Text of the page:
Final Thoughts: Benton MacKaye Trail Potential Appalachian Trail Alternate

Now that we’re home from the Benton MacKaye Trail (BMT), I’ve had some time to think about what useful information I could impart on others regarding this trail.

Here are my final thoughts:

I think the BMT is an excellent choice as an alternate for the first ~300 miles of the Appalachian Trail (AT), especially for folks with prior backpacking experience as well as folks looking for a little more solitude at the beginning or end their thru-hike.

The BMT easily intersects the AT at the beginning (Springer Mountain), in the middle (Fontana Dam), and at the end Davenport Gap, so you can pick and choose your route.  I really think more long distance hikers should consider using this trail instead of the AT because of how crowded that section of the AT is during thru-hiker season.

The BMT is definitely a bit more difficult than the AT, but I think it was more of what we would have been looking for at the beginning of our AT hike.  There are practically no thru-hikers (we met only one), and not even many section/day hikers in many of the areas, depending on the season.  I think we would have enjoyed the solitude of this trail instead of the abundantly crowded beginning of the AT during thru-hiker season.

The BMT was better marked and somewhat better maintained that I expected, but in all honesty, expectations were quite low.  In some sections it’s well enough marked that you don’t need a map, but you definitely will in some of the less well maintained sections.

Given the blackberry bushes and green briers along with other weeds, I wouldn’t recommend this trail in season (late spring through early fall).  There are enough sections that would be completely overgrown to make the hiking less than enjoyable during the normal hiking season, and probably quite a bit harder to follow as well.  I recommend either early spring, late fall or a winter thru-hike– which lines up well with AT thru-hiker seasons in that area.

The easiest sections were northern GA (basically the first 100 miles of trail), and the Smoky Mountains (basically the last 100 miles of trail).  In both of these sections, you can up your mileage and even do some night hiking if you’re so inclined.  In the middle 100 miles, the trail was overgrown, narrow, harder to follow, significantly harder in terms of steepness, and I would not recommend trying to night hike, unless you enjoy wandering around lost in the woods at night.

Water was not an issue.  The longest stretch without water was maybe 10 miles at most (Topoco Lodge to Fontana Dam), but more commonly 5-7 miles at most, and often times you’re crossing many streams in a valley for half the day.  There are at least 3 stream fords, all in the Smokies, but there may be more if there has been any significant rain.

Camping spots are not all over the place like on the AT, sometimes you have to be a bit more creative about finding a spot.  A map is somewhat handy for this to find where there are gaps, or somewhat flat spots to aim for.  There are two shelters on the trail, one in Cherry Log, GA, and one in the Smokies (Laurel Gap Shelter).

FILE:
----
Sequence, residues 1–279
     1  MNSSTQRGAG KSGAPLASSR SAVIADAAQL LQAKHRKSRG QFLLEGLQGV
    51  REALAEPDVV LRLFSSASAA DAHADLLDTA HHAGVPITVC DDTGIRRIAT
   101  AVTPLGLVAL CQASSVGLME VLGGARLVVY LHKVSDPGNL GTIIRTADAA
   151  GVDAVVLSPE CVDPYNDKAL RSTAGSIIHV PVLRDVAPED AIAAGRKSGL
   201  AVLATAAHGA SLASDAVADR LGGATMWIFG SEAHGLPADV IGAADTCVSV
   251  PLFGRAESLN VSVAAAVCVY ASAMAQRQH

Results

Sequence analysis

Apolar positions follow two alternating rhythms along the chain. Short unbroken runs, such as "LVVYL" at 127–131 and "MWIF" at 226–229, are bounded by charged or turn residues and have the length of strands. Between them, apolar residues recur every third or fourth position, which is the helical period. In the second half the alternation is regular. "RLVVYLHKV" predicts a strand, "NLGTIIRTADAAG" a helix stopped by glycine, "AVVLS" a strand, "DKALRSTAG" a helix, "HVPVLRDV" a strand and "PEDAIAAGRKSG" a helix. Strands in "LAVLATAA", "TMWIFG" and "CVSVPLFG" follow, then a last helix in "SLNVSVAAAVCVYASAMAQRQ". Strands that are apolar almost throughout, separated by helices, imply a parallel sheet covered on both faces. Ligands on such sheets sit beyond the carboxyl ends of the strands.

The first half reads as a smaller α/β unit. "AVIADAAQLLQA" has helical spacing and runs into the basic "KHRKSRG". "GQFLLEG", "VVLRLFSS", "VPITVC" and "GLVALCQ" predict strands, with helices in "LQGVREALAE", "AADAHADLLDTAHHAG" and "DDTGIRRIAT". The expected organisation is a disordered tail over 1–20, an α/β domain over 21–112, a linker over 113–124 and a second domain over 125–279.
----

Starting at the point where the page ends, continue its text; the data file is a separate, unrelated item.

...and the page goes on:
The BMT is quite remote, and resupply options can be limited in the off season.  Depending on how many resupply points you plan on, I would definitely send a box to yourself at the Reliance Fly and Tackle and Fontana Dam Village (the front desk, not the post office).  These spots are easy walking distance off the trail, and are roughly well spaced if you only need to resupply every ~100 miles.  If you need more resupply points, you can hitchhike into Blue Ridge (50 miles in) for a full resupply, send a box to Coker Creek Welcome Center (3 mile walk off trail- hitchhiking is not an option), send a box to Topoco Lodge (on trail), or hitchhike into Cherokee for a full resupply.

We finished the trail in 20 days, averaging about 15 miles a day.  I think this is a fairly cushy pace for someone who is used to long distance hiking– it definitely could be done faster.  We did meet someone going less than 10 miles a day, so there are enough resupply points to make a slower pace feasible too.

In terms of weather, we got really lucky.  No snow, no freezing rain, only two small storms, and they both happened when we were already in our tent for the night.  There is at least one section where I would be worried to be stuck there with snow or ice, and that’s the trail between Topoco Lodge and the Hangover in Joyce Kilmer.  I think if there was snow, we would have gotten completely lost.  I’m sure there are other sections that would also be sketchy, but this one stands out in my mind.

My favorite sections of the BMT included Big Frog Wilderness, walking along the Hiwassee River, Joyce Kilmer, and the section of the Smoky Mountains where the trail moves away from Fontana Lake.

Please let us know if you have any questions about the BMT, and we’ll be happy to try to answer!

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Amicalola Falls to Blue Ridge, GA

11/13/17

BMT miles: 3.3

(Total miles 12.3)

We got to the Amicalola Visitor’s Center with the help of our friend Francisco who gave us a ride from Asheville stopping along the way to mail some resupply packages and fuel up with fast food from various notorious fast food chains. We were especially impressed with the quality of American engineering of Francisco’s Ford pickup truck which had a cup holder in the front seat which could accommodate a two liter bottle of soda.